Experiences of listening may be understood to weaken us, making us vulnerable to the intensities of worldly contact and each other. As such, listening may act as the basis for compassion and care, enabling an ethics of mutuality and intersubjectivity. Yet, listening is not always empathically oriented, rather, the vulnerability listening gives rise to may also lead to profound injury and rupture. What can be drawn from such intensities listening seems to engender? And what forms of practice might be found by way of sound’s relational capacities? Exploring these questions, Prof. LaBelle will focus on how sound and listening may figure another state of embodiment, emphasizing the dynamics of interruption, vertigo and strangerhood.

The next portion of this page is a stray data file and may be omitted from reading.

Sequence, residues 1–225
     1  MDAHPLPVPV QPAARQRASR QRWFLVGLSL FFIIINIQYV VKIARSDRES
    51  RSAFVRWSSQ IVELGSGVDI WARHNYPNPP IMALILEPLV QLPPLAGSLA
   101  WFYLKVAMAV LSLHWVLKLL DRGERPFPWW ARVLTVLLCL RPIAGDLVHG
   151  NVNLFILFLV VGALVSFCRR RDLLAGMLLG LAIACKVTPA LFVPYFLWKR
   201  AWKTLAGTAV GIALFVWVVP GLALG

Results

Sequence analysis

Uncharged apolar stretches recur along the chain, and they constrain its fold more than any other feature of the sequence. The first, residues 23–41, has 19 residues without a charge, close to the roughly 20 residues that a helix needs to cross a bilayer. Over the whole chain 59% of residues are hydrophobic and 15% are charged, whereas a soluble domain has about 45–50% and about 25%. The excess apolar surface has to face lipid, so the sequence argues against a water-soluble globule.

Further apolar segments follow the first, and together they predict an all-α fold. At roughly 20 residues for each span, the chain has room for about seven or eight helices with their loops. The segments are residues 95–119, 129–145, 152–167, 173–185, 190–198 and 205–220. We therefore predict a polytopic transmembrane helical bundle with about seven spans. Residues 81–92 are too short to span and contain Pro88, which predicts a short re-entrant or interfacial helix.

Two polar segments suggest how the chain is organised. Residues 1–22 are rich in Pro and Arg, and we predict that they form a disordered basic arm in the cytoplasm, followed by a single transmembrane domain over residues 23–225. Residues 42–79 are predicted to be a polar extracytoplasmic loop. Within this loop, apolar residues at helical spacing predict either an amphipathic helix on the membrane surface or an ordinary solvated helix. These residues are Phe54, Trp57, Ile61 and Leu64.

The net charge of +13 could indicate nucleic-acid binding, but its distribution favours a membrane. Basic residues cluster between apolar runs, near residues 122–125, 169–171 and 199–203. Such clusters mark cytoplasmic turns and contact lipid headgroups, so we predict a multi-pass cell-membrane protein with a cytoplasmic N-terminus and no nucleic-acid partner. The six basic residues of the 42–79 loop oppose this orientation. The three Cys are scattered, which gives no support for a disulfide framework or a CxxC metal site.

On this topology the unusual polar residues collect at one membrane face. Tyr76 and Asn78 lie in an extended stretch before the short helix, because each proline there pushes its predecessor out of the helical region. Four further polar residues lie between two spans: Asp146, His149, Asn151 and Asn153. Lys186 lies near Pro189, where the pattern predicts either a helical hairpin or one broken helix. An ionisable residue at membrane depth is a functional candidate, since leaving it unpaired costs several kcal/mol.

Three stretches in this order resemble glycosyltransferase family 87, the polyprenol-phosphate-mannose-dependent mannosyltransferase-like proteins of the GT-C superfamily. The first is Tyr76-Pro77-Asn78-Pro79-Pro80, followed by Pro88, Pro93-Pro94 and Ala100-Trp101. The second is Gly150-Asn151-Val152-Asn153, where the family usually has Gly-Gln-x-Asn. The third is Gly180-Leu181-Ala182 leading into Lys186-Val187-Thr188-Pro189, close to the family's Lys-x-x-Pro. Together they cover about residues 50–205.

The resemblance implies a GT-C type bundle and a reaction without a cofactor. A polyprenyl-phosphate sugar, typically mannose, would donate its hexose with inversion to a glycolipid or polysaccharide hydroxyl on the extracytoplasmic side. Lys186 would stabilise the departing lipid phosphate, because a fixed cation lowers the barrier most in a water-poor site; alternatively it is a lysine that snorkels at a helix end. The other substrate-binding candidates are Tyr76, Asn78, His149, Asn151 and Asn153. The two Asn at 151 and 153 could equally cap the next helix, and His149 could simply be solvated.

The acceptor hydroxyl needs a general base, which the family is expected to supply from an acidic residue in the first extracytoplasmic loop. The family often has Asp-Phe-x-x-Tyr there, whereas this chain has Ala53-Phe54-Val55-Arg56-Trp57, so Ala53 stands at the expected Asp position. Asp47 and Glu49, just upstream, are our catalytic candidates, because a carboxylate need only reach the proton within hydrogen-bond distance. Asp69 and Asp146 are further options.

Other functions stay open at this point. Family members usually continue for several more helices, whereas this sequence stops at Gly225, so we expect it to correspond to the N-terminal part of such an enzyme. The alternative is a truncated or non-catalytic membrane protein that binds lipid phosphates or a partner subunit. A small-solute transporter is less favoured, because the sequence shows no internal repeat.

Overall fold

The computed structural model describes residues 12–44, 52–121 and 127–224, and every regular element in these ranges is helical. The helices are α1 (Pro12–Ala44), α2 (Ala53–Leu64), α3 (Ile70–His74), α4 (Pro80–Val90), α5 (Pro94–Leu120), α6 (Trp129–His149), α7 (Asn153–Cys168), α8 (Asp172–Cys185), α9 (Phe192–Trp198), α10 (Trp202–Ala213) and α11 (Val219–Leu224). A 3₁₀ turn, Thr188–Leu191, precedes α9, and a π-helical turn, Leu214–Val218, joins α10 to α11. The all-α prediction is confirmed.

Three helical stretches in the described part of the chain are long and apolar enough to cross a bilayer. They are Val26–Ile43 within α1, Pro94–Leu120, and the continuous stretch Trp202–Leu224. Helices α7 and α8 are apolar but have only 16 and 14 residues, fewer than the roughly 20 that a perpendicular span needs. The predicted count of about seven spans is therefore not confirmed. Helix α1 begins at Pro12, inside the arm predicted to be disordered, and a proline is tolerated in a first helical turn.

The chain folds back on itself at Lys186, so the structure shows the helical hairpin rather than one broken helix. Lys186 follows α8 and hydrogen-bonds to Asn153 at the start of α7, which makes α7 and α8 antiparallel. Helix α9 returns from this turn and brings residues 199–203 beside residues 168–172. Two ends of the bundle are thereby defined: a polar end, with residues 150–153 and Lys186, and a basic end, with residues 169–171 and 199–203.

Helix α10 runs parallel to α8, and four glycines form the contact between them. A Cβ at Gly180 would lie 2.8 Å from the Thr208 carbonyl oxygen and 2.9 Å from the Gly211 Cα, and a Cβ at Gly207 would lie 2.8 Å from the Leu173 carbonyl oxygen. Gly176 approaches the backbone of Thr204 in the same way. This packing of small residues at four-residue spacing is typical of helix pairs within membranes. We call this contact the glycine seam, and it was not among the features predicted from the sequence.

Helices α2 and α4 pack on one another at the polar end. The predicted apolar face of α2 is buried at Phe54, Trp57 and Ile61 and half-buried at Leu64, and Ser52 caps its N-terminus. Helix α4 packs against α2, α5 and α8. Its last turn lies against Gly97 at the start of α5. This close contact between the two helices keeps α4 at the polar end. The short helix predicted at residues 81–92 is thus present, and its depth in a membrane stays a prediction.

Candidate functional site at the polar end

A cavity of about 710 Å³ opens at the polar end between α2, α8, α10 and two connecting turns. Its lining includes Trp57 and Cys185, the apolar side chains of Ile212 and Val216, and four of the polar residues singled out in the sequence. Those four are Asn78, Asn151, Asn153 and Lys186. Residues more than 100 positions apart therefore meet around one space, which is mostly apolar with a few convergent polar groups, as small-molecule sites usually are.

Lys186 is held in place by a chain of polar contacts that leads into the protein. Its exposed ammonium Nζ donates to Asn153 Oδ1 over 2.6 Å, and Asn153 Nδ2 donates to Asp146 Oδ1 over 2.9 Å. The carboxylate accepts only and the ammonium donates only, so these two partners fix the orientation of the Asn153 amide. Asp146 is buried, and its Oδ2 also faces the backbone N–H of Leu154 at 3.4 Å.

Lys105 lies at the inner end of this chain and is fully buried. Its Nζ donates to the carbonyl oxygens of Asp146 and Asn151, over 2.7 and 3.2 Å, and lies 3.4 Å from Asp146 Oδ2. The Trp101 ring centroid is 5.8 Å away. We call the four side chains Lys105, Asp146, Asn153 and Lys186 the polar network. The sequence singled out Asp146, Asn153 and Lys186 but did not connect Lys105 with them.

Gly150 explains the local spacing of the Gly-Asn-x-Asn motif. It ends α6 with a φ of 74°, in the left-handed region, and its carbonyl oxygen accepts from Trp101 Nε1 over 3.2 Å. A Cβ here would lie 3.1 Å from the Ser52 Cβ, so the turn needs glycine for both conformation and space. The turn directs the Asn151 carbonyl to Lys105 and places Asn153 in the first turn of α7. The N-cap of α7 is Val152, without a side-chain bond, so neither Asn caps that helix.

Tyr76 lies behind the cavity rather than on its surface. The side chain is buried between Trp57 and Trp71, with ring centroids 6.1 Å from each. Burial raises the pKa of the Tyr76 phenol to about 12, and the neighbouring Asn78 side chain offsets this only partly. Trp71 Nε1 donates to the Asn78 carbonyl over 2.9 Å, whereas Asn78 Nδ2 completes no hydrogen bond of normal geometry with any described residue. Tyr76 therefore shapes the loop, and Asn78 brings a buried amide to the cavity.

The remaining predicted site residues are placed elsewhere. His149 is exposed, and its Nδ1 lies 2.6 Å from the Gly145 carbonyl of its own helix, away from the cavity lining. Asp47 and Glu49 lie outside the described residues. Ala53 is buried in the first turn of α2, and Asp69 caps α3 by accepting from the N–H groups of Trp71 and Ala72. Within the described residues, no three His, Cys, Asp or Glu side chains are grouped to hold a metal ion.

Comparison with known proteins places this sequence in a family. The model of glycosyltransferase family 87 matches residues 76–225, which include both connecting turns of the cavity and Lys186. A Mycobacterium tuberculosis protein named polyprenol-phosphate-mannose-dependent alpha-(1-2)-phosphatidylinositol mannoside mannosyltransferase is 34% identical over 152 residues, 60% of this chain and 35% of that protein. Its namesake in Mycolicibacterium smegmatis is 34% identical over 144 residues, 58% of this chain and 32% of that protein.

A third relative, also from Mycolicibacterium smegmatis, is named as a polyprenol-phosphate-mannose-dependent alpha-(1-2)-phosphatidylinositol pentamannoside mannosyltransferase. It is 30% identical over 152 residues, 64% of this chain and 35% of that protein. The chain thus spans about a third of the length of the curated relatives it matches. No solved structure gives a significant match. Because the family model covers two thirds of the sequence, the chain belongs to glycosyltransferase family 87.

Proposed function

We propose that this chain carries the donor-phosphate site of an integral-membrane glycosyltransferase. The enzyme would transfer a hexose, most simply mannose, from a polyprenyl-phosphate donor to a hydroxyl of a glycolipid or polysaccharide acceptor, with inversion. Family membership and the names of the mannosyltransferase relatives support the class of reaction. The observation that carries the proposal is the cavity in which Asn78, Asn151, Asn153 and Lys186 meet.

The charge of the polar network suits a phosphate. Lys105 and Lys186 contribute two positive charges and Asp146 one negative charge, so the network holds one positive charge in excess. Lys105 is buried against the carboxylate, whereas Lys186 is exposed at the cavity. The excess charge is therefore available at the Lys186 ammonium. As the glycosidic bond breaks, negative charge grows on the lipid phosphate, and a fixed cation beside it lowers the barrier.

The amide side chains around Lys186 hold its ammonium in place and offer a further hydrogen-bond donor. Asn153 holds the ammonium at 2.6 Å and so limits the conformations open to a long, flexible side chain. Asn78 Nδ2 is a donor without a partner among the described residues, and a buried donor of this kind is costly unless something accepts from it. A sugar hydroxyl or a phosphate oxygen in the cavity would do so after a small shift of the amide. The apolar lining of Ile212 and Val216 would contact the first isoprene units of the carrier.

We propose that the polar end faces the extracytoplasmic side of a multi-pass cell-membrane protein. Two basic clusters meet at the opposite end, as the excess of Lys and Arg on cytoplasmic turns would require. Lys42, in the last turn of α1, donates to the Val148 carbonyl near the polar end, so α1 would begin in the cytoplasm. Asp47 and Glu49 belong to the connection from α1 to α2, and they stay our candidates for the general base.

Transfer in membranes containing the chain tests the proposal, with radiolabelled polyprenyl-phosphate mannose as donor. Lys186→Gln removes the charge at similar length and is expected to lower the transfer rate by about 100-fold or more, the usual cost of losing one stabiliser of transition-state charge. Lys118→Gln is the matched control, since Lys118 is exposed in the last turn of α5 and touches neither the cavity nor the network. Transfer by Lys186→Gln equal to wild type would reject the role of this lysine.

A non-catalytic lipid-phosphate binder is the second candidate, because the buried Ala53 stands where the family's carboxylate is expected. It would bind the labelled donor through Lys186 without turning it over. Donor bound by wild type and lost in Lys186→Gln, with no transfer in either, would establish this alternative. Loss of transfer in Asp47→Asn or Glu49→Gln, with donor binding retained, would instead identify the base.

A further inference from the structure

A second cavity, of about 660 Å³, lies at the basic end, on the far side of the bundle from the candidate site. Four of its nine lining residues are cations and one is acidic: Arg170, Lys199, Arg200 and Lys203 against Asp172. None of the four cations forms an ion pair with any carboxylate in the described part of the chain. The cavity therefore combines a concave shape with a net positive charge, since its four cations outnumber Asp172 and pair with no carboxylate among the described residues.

Brandon LaBelle is an artist, writer and theorist working with sound culture, voice, and questions of agency. He develops and presents artistic projects and performances within a range of international contexts, often working collaboratively and in public. He is the author of Sonic Agency: Sound and Emergent Forms of Resistance (2018).